Horrick Sharma* Pages 505 - 524 ( 20 )
Isocitrate dehydrogenases 1 and 2 (IDH1 and IDH2) are key metabolic enzymes that catalyze the conversion of isocitrate to α-ketoglutarate (αKG). IDH1 and IDH2 regulate several cellular processes, including oxidative respiration, glutamine metabolism, lipogenesis, and cellular defense against oxidative damage. Mutations in IDH1 and IDH2 have recently been observed in multiple tumors, including gliomas, acute myeloid leukemia, myelodysplastic syndromes, and chondrosarcoma. IDH1 and IDH2 mutations involve a gain in neomorphic activity that catalyzes αKG conversion to (R)-2- hydroxyglutarate ((R)-2HG). IDH mutation-mediated accumulation of (R)-2HG results in epigenetic dysregulation, altered gene expression, and a block in cellular differentiation. Targeting mutant IDH by development of small molecule inhibitors is a rapidly emerging therapeutic approach as evidenced by the recent approval of the first selective mutant IDH2 inhibitor AG-221 (enasidenib) for the treatment of IDH2-mutated AML. This review will focus on mutant isocitrate dehydrogenase as a therapeutic drug target and provides an update on selective and pan-mutant IDH1/2 inhibitors in clinical trials and other mutant IDH inhibitors that are under development.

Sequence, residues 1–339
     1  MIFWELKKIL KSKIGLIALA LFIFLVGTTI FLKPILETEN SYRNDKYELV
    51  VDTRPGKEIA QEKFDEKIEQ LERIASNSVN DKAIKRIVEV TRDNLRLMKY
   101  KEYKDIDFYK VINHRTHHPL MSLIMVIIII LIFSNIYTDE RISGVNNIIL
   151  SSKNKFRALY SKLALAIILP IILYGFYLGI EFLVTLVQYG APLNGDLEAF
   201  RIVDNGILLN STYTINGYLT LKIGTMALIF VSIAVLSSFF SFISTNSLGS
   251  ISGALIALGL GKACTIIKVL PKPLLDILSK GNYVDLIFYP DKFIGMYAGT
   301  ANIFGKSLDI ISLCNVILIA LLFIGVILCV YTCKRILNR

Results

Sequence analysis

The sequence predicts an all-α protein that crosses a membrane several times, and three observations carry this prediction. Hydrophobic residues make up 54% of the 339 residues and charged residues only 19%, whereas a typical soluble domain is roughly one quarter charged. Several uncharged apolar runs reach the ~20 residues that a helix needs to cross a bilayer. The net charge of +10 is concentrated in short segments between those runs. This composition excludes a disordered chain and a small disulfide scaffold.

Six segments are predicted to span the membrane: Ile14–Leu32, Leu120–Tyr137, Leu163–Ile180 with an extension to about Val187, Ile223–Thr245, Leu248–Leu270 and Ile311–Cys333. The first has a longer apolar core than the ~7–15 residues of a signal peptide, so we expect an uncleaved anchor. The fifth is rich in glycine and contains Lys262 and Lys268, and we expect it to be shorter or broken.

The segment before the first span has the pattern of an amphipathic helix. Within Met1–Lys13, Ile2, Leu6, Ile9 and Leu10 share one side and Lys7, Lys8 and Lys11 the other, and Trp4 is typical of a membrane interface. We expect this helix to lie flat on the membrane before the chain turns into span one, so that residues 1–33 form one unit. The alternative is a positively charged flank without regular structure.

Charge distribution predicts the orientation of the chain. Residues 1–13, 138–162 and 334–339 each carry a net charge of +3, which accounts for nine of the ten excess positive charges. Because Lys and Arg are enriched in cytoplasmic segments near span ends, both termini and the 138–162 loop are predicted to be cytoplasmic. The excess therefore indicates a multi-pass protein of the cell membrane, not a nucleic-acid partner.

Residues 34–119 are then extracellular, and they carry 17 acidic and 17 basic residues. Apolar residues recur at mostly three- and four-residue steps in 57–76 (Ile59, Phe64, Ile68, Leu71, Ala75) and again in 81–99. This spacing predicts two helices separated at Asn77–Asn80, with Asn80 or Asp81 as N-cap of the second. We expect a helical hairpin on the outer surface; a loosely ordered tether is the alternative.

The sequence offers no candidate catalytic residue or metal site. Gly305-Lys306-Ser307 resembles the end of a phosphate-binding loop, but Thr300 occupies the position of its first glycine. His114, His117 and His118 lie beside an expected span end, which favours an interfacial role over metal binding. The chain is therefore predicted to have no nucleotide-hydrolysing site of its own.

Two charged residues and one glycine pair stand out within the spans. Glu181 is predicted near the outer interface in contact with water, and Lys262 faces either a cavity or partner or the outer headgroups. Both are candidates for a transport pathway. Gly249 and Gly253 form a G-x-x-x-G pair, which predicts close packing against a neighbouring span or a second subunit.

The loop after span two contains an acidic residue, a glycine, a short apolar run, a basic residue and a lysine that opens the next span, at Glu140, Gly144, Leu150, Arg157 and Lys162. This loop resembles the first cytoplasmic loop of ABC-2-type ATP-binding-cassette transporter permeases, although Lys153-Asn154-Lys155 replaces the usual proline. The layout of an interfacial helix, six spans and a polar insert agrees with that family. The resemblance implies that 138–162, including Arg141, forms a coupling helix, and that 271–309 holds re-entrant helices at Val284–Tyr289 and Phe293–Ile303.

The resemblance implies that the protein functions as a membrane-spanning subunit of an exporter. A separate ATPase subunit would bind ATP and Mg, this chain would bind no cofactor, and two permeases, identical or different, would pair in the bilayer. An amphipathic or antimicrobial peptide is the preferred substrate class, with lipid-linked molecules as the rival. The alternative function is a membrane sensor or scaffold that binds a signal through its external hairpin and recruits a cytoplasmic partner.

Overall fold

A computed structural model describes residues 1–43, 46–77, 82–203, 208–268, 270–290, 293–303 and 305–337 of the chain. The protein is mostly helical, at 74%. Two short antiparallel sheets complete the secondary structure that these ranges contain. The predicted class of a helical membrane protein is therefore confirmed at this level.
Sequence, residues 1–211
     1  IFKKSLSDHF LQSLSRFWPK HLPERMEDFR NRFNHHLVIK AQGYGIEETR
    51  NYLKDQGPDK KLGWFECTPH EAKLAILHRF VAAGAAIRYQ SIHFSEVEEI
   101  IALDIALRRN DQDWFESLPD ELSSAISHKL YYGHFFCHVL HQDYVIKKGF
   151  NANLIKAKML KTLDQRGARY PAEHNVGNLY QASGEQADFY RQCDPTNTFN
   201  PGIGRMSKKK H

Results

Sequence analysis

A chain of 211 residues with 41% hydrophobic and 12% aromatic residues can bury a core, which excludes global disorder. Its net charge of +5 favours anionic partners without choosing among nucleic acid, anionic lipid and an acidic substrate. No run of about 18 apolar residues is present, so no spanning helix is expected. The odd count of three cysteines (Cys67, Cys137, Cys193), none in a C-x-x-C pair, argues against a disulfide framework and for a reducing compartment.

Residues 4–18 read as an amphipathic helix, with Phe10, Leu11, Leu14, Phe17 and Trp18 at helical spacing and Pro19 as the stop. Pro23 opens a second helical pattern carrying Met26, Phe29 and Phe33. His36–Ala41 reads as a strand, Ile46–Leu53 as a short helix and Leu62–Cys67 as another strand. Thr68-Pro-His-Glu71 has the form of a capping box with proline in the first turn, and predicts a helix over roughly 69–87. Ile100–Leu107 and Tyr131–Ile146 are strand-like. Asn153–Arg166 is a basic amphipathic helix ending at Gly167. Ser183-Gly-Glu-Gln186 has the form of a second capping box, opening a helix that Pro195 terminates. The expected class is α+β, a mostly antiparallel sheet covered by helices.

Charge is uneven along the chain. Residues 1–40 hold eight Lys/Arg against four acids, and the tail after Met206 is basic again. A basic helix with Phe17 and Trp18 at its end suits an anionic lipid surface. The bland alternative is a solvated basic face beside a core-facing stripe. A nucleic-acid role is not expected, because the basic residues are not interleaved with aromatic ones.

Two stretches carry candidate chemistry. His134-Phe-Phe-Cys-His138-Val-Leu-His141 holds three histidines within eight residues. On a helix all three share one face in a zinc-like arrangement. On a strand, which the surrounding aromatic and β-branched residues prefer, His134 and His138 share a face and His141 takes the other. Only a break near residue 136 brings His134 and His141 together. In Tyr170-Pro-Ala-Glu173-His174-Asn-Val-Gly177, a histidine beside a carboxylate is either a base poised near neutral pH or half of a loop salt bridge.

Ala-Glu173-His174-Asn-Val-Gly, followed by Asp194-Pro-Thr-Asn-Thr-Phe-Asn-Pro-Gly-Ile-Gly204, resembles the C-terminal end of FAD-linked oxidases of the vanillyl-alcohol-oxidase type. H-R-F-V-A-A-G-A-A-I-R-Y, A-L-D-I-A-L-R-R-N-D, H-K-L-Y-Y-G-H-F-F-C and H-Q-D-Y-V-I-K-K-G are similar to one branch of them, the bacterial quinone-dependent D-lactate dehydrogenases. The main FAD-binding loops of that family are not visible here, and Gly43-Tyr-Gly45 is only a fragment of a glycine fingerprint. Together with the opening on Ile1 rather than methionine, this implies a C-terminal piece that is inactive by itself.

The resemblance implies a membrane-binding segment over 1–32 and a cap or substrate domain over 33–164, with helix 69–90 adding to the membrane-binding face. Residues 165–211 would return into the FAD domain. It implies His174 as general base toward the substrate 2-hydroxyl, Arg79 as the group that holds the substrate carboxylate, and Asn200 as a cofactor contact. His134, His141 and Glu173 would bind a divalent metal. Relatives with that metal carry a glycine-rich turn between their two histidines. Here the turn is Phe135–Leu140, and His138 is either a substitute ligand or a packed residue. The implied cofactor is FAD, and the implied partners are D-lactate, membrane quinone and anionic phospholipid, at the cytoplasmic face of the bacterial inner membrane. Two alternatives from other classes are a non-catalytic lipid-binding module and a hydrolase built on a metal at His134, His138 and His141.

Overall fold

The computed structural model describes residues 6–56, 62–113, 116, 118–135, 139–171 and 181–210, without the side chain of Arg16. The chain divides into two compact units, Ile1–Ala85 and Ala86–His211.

Isocitrate dehydrogenase, mutation, Glioma, AML, cancer metabolism, mIDH inhibitors, cancer.
Department of Pharmaceutical Sciences, College of Pharmacy, Southwestern Oklahoma State University, Weatherford, OK 73096